Letter from an Orthodox rural vegetarian priest of the early XNUMXth century

The journal “Something about Vegetarianism” for 1904 contains a letter from an Orthodox rural vegetarian priest. He tells the editors of the magazine about what exactly prompted him to become a vegetarian. The priest’s answer is given in full by the journal. 

“Until the 27th year of my life, I lived the way most people like me lived and live in the world. I ate, drank, slept, strictly defended the interests of my personality and my family before others, even to the detriment of the interests of other people like me. From time to time I amused myself by reading books, but I preferred to spend the evening playing cards (a stupid entertainment for me now, but then it seemed interesting) to reading books. 

More than five years ago I happened to read, among other things, The First Step by Count Leo Nikolayevich Tolstoy. Of course, before this article I had to read good books, but somehow they did not stop my attention. After reading the “First Step”, I was so strongly taken over by the idea carried out in it by the author that I immediately stopped eating meat, although until that time vegetarianism had seemed to me an empty and unhealthy pastime. I was convinced that I could not do without meat, as people who consume it are convinced of this, or as an alcoholic and tobacco smoker is convinced that he cannot do without vodka and tobacco (then I quit smoking). 

However, we must be fair and agree that habits artificially instilled in us from childhood have great power over us (which is why they say that habit is second nature), especially when a person does not give himself a reasonable account of anything, or until he introduces himself enough strong impulse to get rid of them, which happened to me 5 years ago. Count Leo Nikolayevich Tolstoy’s “First Step” was such a sufficient impulse for me, which not only freed me from the habit of eating meat falsely instilled in me from childhood, but also made me consciously treat other issues of life that had previously slipped past my attention. And if I have grown at least a little spiritually, in comparison with my 27-year-old age, then I owe it to the author of The First Step, for which I am deeply grateful to the author.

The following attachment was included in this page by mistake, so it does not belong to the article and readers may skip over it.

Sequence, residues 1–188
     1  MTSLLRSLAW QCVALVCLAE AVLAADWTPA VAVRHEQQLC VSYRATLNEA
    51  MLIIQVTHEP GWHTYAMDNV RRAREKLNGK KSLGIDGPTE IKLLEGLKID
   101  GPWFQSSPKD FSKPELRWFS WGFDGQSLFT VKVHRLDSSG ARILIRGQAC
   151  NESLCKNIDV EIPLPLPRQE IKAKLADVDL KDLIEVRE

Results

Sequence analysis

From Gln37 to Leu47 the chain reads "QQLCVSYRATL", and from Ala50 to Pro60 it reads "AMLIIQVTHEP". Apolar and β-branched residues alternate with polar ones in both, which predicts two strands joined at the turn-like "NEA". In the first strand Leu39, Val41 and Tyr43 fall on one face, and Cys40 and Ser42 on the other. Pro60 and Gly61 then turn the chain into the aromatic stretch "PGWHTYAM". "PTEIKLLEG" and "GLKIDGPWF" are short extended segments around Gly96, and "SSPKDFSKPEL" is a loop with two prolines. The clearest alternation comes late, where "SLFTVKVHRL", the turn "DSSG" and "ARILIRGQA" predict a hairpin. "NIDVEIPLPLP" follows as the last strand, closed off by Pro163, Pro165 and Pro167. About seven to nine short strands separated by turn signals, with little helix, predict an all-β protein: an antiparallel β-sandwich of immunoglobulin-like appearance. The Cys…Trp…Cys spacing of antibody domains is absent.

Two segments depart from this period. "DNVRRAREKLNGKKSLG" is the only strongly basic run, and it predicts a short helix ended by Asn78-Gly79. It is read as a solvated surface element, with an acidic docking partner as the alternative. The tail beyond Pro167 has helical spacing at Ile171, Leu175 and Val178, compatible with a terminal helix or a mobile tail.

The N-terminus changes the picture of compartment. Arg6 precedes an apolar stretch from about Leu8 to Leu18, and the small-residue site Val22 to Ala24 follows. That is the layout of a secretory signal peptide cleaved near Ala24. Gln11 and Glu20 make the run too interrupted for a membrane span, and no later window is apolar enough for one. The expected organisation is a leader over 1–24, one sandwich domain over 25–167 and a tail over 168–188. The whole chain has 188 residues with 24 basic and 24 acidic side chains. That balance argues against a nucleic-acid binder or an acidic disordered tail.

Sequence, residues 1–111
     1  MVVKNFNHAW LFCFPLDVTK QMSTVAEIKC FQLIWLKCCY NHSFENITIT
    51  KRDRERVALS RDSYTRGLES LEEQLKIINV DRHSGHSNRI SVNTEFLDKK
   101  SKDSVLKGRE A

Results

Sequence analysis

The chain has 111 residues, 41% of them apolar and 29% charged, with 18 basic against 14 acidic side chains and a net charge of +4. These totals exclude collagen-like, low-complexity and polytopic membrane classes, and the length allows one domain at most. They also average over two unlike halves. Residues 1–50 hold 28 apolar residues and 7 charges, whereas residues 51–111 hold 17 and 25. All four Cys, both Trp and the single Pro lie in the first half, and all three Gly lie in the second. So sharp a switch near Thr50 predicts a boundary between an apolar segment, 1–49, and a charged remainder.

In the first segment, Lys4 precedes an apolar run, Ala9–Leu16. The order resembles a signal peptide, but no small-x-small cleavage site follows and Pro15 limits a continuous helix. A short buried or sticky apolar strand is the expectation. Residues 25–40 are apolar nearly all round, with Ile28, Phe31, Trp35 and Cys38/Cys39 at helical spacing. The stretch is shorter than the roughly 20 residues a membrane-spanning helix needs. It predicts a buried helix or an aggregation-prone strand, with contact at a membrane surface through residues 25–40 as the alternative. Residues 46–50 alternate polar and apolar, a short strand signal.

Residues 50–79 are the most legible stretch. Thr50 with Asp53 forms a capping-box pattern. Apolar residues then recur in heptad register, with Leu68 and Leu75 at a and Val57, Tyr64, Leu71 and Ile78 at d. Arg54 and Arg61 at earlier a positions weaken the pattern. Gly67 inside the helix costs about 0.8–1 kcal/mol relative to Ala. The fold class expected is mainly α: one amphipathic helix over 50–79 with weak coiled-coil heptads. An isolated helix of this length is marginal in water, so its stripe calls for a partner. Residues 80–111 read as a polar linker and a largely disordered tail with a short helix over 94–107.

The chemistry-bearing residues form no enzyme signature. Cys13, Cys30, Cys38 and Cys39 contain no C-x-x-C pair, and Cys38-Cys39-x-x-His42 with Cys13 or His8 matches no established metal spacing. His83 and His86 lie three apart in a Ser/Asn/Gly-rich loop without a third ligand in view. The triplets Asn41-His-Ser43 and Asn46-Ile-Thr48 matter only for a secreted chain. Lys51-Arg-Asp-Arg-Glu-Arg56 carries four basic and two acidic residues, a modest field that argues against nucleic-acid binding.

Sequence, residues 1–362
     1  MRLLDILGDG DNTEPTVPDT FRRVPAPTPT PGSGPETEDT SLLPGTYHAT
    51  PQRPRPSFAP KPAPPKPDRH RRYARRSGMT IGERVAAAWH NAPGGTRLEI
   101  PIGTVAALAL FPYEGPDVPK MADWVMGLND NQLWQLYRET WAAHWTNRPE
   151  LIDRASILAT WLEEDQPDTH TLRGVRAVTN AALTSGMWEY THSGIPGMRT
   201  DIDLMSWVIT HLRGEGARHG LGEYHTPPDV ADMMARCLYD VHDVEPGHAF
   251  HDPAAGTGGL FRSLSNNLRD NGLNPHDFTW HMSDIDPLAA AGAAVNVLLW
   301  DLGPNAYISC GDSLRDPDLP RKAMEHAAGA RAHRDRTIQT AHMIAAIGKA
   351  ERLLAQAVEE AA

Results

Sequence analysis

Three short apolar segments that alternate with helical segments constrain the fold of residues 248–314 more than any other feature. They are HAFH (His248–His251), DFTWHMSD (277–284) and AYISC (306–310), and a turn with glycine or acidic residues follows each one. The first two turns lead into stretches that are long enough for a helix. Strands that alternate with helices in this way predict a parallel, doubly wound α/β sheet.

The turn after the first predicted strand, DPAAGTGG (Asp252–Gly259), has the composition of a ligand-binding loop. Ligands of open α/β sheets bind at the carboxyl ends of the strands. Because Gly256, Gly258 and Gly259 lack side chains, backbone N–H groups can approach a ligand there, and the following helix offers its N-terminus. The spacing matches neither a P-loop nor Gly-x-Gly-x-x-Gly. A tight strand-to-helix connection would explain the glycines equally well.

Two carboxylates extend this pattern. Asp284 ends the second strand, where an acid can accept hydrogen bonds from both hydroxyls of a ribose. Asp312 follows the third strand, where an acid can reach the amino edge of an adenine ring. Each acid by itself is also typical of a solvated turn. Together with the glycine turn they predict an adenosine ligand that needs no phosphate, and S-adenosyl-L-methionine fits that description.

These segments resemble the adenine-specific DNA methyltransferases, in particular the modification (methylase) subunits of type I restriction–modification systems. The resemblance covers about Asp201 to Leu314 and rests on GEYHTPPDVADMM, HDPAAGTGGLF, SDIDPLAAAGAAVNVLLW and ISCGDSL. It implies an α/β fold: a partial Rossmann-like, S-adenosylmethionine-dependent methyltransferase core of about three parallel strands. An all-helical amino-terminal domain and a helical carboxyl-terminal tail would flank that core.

Until I was a vegetarian, the days on which a Lenten dinner was prepared in my house were days of a gloomy mood for me: having got used to eating meat in general, it used to be a great annoyance for me to refuse it, even on Lenten days. Out of indignation at the custom of not eating meat on some days, I preferred hunger to lenten food, and therefore did not come to dinner. The consequence of this situation was that when I was hungry, I was easily irritated, and it even happened to quarrel with people close to me. 

But then I read The First Step. With amazing clarity, I imagined what animals are subjected to in slaughterhouses, and under what conditions we obtain meat food. Of course, even before I knew that in order to have meat, one had to slaughter an animal, it seemed so natural to me that I didn’t even think about it. If I ate meat for 27 years, it was not because I consciously chose this kind of food, but because everyone did it, which I was taught to do from childhood, and I didn’t think about it until I read The First Step.